Portland may not have a Little Italy like New York or Boston, but it certainly has a slice of the old country with chef Lee Skawinski’s Vignola Cinque Terre.
Even the stroll down Wharf Street, with its precarious cobblestones and lively foot traffic, makes for a more authentic experience. The entrance of the restaurant on Dana Street is draped with ivy, and the tall, narrow windows frame an energetic bar and dining room.
In spring 2012, neighboring restaurants Vignola and Cinque Terre reopened as one after a five-month renovation. While the merger created some confusion over what patrons would call the duo, the renovation ultimately provided additional seating, a more extensive menu and a vibe that’s equal parts rustic (Vignola) and refined (Cinque Terre).
The dining room is open and bright, with wine bottle light fixtures imported from Italy dangling overhead. By 6 p.m., the bar was nearly full, and the phone was ringing with people calling for dinner reservations.
A party of seven was already seated, and a few smaller parties had ordered or were well into a meal of steaming house-made pasta or a plate of sauteed local flounder.
Just a year after the ambitious union, Vignola Cinque Terre won awards for best wine, which is a testament to the careful thought and skill that Skawinski spends on his hand-selected wine choices.
Bottles range from $32 to $120, but from 5 to 6 p.m. on weekdays, prices are half off. This is just one of the few ways Skawinski seems to be encouraging people to try his esteemed collection.
The wine menu also offers 3-ounce pours for any of the wines by the glass, which is a significantly cheaper option. For example, the Txakolina Getariako rose by the glass is usually $10, but a smaller pour is offered for $5.50.
It’s this kind of creative price point-shaping that makes it hard to stay mad at a place for not participating in happy hour or serving cheap beer like PBR.
However, the beer list is crafted carefully to reflect local and regional brews and to stay true to the Italian vision. The menu is divided into sections (a thoughtful and appreciated detail), such as New England Beers, Italian Beers, Small Beers and Big Beers. The Italian beers were unfamiliar but tempting, albeit pricier (the cheapest option was $10), while the beers on draft boasted the more recognizable Allagash and company.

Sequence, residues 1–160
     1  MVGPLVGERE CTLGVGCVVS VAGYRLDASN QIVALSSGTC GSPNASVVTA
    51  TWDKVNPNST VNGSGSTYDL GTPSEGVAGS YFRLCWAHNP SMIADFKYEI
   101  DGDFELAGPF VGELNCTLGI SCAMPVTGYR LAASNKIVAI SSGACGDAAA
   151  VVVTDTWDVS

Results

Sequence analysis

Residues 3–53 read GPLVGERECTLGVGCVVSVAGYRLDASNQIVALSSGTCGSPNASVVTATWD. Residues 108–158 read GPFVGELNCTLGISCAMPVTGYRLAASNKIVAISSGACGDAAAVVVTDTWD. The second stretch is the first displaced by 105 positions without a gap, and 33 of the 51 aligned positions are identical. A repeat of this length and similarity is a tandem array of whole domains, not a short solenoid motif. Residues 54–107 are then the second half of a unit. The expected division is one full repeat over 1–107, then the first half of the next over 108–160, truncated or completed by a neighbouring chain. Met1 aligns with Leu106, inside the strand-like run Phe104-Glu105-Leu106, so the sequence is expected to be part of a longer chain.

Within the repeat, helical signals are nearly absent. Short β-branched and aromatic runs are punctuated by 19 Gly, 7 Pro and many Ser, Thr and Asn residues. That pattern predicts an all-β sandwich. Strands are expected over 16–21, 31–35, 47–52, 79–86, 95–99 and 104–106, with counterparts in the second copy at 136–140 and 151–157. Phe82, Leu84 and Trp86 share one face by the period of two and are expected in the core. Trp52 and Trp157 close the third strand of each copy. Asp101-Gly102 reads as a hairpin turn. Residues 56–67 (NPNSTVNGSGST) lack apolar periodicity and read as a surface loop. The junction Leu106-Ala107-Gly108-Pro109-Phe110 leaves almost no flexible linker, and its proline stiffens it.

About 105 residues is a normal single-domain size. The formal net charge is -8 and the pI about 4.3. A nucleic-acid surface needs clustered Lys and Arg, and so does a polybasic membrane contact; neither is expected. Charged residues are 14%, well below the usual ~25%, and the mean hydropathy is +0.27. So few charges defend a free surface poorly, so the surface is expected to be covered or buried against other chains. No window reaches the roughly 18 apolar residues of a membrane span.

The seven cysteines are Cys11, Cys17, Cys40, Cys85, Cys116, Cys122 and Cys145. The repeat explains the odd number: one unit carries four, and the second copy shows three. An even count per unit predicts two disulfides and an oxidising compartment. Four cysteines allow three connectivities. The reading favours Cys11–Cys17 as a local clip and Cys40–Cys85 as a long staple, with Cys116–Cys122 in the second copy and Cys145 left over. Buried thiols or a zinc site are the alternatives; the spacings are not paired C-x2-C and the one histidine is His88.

The cocktail list is a collection of 10 alluringly named concoctions, such as the Acadian Fizz (gin, St. Germaine and muddled lime topped with sparkling wine), which ended up being the bartender’s recommendation, as it was her original creation at a previous bar.
While refreshing and pretty (served in a wine glass), it was essentially a gin and tonic with a punch more acidity that wasn’t worth $10. Or was it $11? The prices weren’t listed.
Of course, the absence of price on one item can lead any diner to order a little something extra.
And there’s plenty extra if you’re looking at the cheese and snack list. A whole page of the menu is devoted to cheese, and by the looks of it, Skawinski spends as much time on this as he does on wine. Or with bar snacks like the marinated olives with sun-dried tomatoes, hot peppers and a zesty splash of lemon for $6.
The expression “you get what you pay for” rings true for Vignola Cinque Terre — but in a good way. Yes, it’s more upscale, and maybe the typical cheaper beer options or happy hour deals aren’t available, but the extra dollars will be spent on service, atmosphere and overall attention to ingredients and detail.
Skawinski and his team travel often to Italy to gain knowledge and inspiration so that patrons can walk through the doors and truly have a transformative experience.
Claire Jeffers is a freelance writer.